CHICAGO (Reuters) - Joe Fornelli knows the art of survival.
In 1965, when he was 22, the Chicago native was drafted and sent to Vietnam, where he served in an army helicopter unit.
“So many crazy things happened, people getting killed or wounded or burned,” Fornelli said. “You never get over it.”
He found solace in art. One time he used instant coffee and water to paint the realities of war.
Fornelli and his fellow veteran artists find themselves in the midst of another battle — to save their beloved National Veterans Art Museum in Chicago, which is struggling.
The museum houses more than 2,000 pieces of art by veterans from World War II to the current conflicts in the Middle East.
“We’ve got trained artists. We’ve got self-taught artists. We have people that probably would not even consider themselves artists,” said Mike Helbing, 64, a professional artist, Vietnam vet and the museum’s chairman.
What is now the National Veterans Art Museum started in 1981 as a traveling exhibit but found a home in 1996 when it bought an abandoned building from Chicago for one dollar.
“It was just a rat hole,” said Fornelli, an artist liaison and one of the co-founders.
The building was in Chicago’s South Loop, a largely industrial neighborhood then, that museum directors hoped would eventually draw tourists. Instead, it boomed as a residential neighborhood of expensive condos and townhomes.
In 2007 and in dire financial straits, the museum sold the building back to the city using the money to dig out of a financial hole. The building was then sold to the Chicago Park District, and the museum is now a rent-free tenant.
“They hoped things would turn around but did not have a turnaround plan,” said Levi Moore, the museum’s executive director, who was hired a year ago.
The museum has a use agreement with the park district that expires next April. After that, the museum will have to go. Moore said that leaves less than a year to raise more than $3 million dollars and find a new home. The money would pay to set up shop in a new location and ensure operating costs were covered for several years.
With the country slowly digging out of the economic downturn, the timing could not be worse.
More than 70 percent of museums in the United States reported economic stress, according to an April 2011 report from the American Association of Museums. Ford Bell, the association’s president, said small museums are “vulnerable” in a fragile economy because they do not have the endowments of larger museums and have less in reserve.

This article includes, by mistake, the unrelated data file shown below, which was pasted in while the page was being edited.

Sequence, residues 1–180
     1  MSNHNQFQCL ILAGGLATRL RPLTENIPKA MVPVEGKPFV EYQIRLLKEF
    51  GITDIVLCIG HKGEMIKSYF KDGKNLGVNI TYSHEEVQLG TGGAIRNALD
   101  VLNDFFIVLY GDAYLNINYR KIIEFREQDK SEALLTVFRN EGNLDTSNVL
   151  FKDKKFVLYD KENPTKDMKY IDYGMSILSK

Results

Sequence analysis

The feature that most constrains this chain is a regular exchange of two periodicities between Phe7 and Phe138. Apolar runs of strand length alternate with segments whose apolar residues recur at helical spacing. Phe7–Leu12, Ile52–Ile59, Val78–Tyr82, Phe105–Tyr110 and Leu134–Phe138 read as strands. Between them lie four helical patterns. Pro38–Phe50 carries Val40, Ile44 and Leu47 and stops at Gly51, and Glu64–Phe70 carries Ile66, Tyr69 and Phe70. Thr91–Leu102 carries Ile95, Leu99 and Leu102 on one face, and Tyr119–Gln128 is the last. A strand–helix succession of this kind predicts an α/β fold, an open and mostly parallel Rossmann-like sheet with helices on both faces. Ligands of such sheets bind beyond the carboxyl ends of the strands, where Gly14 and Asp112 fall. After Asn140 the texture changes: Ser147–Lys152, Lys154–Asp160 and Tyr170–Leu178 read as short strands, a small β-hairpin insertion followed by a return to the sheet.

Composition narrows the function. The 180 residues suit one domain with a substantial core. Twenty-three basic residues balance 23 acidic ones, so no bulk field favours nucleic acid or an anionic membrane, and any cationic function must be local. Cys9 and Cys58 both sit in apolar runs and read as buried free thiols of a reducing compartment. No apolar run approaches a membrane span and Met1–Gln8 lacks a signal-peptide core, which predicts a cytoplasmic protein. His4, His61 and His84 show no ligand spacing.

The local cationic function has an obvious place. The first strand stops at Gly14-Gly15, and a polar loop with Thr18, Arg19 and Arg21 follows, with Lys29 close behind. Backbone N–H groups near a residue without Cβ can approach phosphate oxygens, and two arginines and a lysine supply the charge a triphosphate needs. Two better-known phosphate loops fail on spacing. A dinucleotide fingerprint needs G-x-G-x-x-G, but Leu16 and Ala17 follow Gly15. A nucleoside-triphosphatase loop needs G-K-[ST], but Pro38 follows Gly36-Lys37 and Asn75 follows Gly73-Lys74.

On the day Dallas resident Robert Cogswell, 44, and his friends visited the museum they had to walk through a bevy of young children in a summer camp hosted by the park district to get to the elevators.
But when they arrived at the third-floor galleries the art moved Cogswell to tears. The images and exhibits connected him to his brother, who was thousands of miles away deployed on his fourth tour of duty in Kuwait.
“There are a lot of soldiers going through this for us, so that we can live the way we live,” Cogswell said as he meandered through the rooms.
The work on display ranged from photographs to paintings to sculptures, like Helbing’s seven-foot-tall steel and felt piece, which he called a human flame as a tribute to a friend who died when his helicopter went down in Vietnam.
“His name was Greg, I think,” said Helbing, who spent 15 months in combat. “I know what he looked like. He had glasses, 6’3’, blond-headed ... He was charred like a burned hot dog.”
Associate Professor Joseph Troiani, 62, founder of the military psychology program at Chicago’s Adler School of Professional Psychology uses the museum, which attracts 4,500 visitors a year, as a training ground for working with vets. Over the years he has taken hundreds of people there.
“It gives them the opportunity to see the expression of war and combat,” said Troiani, also a retired Navy commander. For veterans, “it’s so much a part of the healing process,” he said. “It’s very cathartic for vets” either to produce their own art or see the work of others.
Every piece has a story. In the middle of one room laid a statue of a dying Iraqi man waving his hands in the sand. On one wall hung peaceful landscapes created by a Vietnam vet later in his life. And suspended from the second floor ceiling were more than 58,000 hanging dog tags, one for every U.S. casualty of Vietnam.
“That’s what brought the artists together, the guys who didn’t make it,” said Fornelli.
But he said the veterans who did come home and continue to return home, keep the museum relevant and vital.
“We had a guy come in here,” recalled Fornelli. “I cry when I think of this. Anyway, he was going to kill himself. He was a Vietnam vet ... He comes in here and looks around and says: ‘Jesus Christ I thought I was the only one who felt like this.’
“I don’t know of any art collection that has saved someone’s life,” Fornelli said.
Editing by Greg McCune and Tim Gaynor